Although this relatively brief readable monograph portrays bone "as seen by a histologist," the author takes every opportunity to stress functional implications of structure. A liberal sprinkling of up-to-date references in each short chapter directs the efforts of those who would go deeper into any subject covered.
After a condensed survey of bone function and the history of methods applied to the investigation of bone, the author discusses the traditionally defined varieties of bone. A terse review of matrix and mineral structure and chemistry precedes an enlightening synopsis of bone evolution. The sections on bone deposition and calcification (a term chosen deliberately over the more accurate term "mineralization") place modern views of bone metabolism against the appropriate structural background.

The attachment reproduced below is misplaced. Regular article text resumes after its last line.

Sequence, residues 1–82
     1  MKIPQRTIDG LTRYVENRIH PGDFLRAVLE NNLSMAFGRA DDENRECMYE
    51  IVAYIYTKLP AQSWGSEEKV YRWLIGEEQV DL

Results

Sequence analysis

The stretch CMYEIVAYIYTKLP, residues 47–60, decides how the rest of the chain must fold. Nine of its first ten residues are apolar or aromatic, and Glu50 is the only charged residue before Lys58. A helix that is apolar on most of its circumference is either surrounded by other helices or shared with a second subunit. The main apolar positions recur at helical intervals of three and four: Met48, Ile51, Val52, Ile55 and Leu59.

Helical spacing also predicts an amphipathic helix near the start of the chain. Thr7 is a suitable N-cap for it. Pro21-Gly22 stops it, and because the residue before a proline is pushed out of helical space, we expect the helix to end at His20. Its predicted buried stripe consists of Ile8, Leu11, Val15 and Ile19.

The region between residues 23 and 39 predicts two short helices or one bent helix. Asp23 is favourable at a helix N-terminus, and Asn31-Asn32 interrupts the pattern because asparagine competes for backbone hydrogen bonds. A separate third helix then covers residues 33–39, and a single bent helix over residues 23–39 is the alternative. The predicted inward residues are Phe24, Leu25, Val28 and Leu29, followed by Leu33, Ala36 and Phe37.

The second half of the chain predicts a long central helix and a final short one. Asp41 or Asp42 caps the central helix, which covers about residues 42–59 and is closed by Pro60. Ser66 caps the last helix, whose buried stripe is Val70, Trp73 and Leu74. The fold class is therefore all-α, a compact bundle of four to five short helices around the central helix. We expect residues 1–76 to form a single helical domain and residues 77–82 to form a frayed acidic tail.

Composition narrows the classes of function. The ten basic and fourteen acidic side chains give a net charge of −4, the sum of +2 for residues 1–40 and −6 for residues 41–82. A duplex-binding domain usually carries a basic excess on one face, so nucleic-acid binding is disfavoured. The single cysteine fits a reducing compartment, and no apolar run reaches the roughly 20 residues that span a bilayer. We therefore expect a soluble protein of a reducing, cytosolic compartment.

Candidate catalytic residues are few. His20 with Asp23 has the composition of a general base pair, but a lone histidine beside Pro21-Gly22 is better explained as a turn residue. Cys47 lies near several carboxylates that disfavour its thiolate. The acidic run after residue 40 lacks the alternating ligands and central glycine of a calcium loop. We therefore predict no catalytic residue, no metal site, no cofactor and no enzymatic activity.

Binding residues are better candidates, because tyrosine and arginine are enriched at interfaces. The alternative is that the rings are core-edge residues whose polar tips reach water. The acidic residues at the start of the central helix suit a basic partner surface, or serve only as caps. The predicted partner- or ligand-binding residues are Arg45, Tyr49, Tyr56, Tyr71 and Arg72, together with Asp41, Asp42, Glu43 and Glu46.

Those interested in justice for the often disregarded and probably vitally important osteocyte will praise the author for his separate albeit short chapter calling attention to this cell. A summary of